The Vickers Report, published in September 2011 will have a profound impact on UK banking. Written at the request of the Treasury its contents show that the Government has two key concerns. Firstly, maximise the financial stability of UK banks by ring-fencing their domestic, retail and small and medium enterprise (SME) operations away from the more risky parts of the business. Secondly, stimulate greater competition between banks in those two sectors through a combination of greater price transparency and simplifying the process of moving bank accounts.

From past experience we expect the real challenge and risk to be in the implementation and operational details. We have seen before that imprecise or ambiguous definitions and statements can lead to multiple distinct interpretations by businesses and organisations. It is in our interest as providers of advice and solutions to seek clarity and resolution of such issues.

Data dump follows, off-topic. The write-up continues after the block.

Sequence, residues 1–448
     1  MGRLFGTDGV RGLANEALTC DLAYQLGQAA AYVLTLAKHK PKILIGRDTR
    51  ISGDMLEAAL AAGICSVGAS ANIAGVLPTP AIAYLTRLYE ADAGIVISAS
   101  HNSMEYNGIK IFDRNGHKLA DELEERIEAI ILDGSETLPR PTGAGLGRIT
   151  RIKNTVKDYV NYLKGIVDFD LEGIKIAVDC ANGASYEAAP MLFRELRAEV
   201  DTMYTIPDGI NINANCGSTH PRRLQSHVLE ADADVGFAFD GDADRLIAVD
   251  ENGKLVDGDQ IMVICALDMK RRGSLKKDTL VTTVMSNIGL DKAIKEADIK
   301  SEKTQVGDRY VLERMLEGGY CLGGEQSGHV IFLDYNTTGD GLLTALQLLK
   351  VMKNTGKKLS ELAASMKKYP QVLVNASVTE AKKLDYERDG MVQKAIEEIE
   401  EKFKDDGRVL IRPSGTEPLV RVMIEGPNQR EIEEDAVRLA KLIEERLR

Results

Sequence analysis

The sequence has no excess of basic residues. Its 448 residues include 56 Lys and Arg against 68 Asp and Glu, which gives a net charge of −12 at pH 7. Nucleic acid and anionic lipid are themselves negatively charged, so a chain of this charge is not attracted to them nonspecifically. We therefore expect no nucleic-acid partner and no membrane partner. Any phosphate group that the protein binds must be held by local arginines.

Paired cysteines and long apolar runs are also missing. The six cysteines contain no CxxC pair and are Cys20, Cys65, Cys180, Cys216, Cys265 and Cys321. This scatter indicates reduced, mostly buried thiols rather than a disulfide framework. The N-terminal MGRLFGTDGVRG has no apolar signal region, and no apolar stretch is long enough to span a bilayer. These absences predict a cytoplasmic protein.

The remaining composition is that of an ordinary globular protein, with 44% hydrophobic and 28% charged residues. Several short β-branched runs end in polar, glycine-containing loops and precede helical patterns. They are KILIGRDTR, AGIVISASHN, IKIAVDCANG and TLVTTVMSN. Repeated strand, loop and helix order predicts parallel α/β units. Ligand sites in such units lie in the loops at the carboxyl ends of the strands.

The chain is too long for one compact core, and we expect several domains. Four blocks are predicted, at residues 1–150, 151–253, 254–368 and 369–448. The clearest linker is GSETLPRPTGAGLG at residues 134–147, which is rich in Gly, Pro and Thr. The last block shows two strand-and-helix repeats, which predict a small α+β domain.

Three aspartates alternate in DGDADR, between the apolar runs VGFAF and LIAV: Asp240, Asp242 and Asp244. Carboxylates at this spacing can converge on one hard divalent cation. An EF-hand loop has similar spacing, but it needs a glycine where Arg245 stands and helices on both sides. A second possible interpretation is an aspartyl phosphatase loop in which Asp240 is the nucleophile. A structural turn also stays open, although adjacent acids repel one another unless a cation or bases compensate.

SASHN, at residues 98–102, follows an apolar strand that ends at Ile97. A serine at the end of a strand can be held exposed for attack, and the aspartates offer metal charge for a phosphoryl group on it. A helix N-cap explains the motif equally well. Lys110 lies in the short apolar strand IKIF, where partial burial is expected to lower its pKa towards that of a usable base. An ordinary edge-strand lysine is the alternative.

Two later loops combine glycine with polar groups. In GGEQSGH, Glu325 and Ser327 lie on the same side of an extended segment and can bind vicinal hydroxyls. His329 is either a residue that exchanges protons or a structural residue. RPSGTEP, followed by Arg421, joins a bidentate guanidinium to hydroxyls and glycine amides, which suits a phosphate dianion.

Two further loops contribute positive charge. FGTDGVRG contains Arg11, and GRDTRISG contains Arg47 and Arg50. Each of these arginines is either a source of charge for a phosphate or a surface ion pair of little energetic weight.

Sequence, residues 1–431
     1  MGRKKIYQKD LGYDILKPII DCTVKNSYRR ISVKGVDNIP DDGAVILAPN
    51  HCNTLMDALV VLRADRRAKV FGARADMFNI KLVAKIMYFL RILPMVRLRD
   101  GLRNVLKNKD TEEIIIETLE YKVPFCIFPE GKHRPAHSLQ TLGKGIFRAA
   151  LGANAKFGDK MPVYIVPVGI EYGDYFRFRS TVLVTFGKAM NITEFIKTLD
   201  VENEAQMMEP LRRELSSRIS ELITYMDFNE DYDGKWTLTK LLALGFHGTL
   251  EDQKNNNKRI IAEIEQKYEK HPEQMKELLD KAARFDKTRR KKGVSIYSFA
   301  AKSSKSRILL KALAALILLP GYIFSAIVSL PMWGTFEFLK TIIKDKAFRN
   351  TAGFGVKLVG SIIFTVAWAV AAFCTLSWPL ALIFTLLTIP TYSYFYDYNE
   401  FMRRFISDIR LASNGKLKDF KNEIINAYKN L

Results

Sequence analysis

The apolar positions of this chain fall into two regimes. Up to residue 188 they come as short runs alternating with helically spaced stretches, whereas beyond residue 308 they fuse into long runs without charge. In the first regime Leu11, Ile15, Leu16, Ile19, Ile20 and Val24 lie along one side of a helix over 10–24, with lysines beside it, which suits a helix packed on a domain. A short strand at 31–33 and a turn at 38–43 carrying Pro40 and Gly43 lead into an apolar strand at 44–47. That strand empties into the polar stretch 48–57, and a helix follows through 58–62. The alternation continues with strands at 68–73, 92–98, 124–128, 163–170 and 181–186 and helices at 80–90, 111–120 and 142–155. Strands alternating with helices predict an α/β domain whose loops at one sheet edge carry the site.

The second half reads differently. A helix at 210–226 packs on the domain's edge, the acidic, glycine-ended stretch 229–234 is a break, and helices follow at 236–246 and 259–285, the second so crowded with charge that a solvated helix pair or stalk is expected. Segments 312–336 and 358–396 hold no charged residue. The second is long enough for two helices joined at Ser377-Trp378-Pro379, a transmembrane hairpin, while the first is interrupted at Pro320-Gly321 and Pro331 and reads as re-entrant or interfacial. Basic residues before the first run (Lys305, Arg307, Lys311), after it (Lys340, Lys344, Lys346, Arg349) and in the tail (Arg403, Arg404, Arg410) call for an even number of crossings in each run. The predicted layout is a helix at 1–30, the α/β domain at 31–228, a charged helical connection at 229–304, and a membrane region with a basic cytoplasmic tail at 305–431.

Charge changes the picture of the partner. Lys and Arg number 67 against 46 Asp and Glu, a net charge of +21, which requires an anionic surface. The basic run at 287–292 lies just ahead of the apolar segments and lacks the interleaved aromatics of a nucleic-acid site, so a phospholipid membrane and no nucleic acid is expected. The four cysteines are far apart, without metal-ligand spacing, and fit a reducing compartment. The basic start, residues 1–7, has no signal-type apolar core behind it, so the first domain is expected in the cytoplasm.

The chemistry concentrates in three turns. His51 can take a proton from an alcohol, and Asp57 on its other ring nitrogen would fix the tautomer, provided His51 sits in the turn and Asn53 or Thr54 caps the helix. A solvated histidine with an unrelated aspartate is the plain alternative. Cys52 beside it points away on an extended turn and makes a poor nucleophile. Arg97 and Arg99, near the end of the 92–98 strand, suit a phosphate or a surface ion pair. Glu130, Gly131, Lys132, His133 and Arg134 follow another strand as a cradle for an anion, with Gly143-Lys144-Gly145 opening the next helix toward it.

Since its publication the Vickers Report has generated an enormous amount of comment across the finance sector. Given the massive changes that it will bring to banks in the UK this is hardly surprising. However much of the comment is focused around whether the report has in fact achieved its aims. The Treasury has made it clear in both its initial response of 19th December 2011 and its white paper of June 2012 that it endorses the recommendations. While there are still issues to clarify, this does send out a very clear message: that these recommendations are for the most part, going to be implemented.

This white paper therefore is focused very much on the practical realities around implementation, particularly the operational and technological implications.